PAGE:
Conventional economic theory would argue that development progresses by climbing up the industrial ladder : starting at agriculture, moving onto manufacturing, and finally into services. However India has gone from being a largely agrarian economy into a service lead economy; leapfrogging the manufacturing stage in its economic transition. Especially at a time when India is facing its lowest growth in two decades, it begs the question; is India’s service sector lead growth model sustainable? Economist Yasheng Huang  thinks it’s not . In an interview for a new book by McKinsey & Company: “Reimaging India”, he argues that the service sector alone would not be sufficient to maintain a healthy growth level for India in the coming decades .It would need to tap more into its comparative advantage in labor intensive manufacturing if it is to achieve sustainable and broad based economic growth.
In 2012 the services sector accounted for as much as 56% of India’s GDP , as compared to just 26% by the industrial sector . In comparison the major developing Asian economies has on average a 40-47% share in industry . While the service sector, especially it’s vibrant IT industry, has been at the heart of India’s development, its precedence is also a symptom of the problems within India’s industrial landscape. As Huang  argues, the manufacturing sector is in its weakened state because of the burdens placed on it by India’s onerous labor regulations. On the other hand most of the service sector industries were largely insulated from the more restrictive labor laws , which were designed specifically for factory workers .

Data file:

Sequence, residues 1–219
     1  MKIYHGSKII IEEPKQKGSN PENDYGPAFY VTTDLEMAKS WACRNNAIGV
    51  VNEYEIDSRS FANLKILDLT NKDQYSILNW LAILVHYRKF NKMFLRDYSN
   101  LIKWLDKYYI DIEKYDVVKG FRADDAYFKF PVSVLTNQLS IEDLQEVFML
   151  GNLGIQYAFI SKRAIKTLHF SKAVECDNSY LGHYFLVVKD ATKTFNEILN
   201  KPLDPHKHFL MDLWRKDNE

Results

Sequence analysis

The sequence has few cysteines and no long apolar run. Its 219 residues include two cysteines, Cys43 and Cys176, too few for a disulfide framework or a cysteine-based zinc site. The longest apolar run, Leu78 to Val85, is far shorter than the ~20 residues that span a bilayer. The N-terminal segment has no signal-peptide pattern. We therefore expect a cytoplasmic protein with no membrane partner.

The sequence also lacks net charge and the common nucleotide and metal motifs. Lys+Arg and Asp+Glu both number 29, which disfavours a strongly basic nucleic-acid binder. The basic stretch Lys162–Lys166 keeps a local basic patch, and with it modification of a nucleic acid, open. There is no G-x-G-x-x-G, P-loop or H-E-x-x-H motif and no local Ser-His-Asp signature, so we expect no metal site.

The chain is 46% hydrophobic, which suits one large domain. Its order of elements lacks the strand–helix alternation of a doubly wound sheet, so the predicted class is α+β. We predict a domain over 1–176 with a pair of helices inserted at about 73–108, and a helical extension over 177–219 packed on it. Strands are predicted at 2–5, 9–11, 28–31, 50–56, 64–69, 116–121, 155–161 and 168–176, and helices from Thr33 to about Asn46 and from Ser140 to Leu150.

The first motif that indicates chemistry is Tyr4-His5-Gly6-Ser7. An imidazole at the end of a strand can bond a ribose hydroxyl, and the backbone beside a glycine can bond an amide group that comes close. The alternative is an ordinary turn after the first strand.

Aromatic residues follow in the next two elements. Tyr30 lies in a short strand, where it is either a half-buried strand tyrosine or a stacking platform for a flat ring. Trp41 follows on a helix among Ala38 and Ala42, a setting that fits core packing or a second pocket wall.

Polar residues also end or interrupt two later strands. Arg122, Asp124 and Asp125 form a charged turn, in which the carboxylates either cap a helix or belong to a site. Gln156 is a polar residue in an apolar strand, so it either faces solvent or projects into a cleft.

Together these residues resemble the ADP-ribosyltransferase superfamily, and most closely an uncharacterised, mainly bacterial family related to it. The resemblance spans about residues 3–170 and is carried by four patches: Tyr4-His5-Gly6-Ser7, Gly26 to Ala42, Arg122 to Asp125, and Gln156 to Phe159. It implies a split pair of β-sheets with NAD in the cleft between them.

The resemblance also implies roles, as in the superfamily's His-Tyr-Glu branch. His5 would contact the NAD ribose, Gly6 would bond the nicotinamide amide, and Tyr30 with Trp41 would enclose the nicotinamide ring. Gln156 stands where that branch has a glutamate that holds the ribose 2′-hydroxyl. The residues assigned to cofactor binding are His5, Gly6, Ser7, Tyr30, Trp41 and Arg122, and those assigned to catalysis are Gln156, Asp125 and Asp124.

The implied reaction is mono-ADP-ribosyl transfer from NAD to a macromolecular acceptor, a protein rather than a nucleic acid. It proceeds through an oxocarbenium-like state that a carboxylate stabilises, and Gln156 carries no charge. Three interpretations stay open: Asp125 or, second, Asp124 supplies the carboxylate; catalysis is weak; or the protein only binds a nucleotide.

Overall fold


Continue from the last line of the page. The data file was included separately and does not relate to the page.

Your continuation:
The issue of recalibrating India’s growth model is particularly significant, in light of the demographic prospects for this young nation. A report by The Economist  notes how the impending demographic windfall could mean that up to a fifth of the global working age population would be living in India . Furthermore, everyday thousands of young villagers are migrating to India’s urban centers in the pursuit of better opportunity. Yet, far from becoming the fodder for an East Asia like manufacturing boom, vast numbers of young Indians are underemployed: in low productive and unskilled service sector jobs. The Economist  points to the now ubiquitous site of thousands of young men working as security guards, across India’s major cities. While the high end service sector sector industries such as the IT sector is not sufficient to generate a substantial volume in jobs, the majority of the industrial value added comes from the large manufacturing companies, which tend to be more capital intensive. What is missing is the small scale manufacturing sector that could generate much more bulk in terms of employment. Yet this is what India needs the most. A young country of 1.2 billion people needs an industry that could provide productive employment to a large share of it’s population .
While no one is yet writing off India’s prospects for a full recovery, many commentators suggest that India is now in need of a fresh round of economic reforms. Key among reforms should be labor reforms that would do away with India’s crippling and often antiquated labor regulations. Without reforms manufacturing would remain squeezed, and without a viable manufacturing sector, India would not only miss the opportunity to capture a once in a generational demographic windfall, but failure could have potentially disastrous social and economic costs.
1. Huang, Y. A conversation with Yasheng Huang. Reimagining India 2013 November [cited 2014 February 9 ]; Available from: http://www.mckinsey.com/insights/asia-pacific/reimagining_india_a_conversation_with_yasheng_huang.
2. World Bank, World Development Indicators 2013, The World Bank: Washington D.C.
3. The Economist. India’s demographic challenge : Wasting time. 2013 May 11 [cited 2014 February 9 ]; Available from: http://www.economist.com/news/briefing/21577373-india-will-soon-have-fifth-worlds-working-age-population-it-urgently-needs-provide.
4. Panagariya, A., Part 1 : Growth and Economic Reforms in India: The Emerging Giant. 2008, Oxford University Press: New York.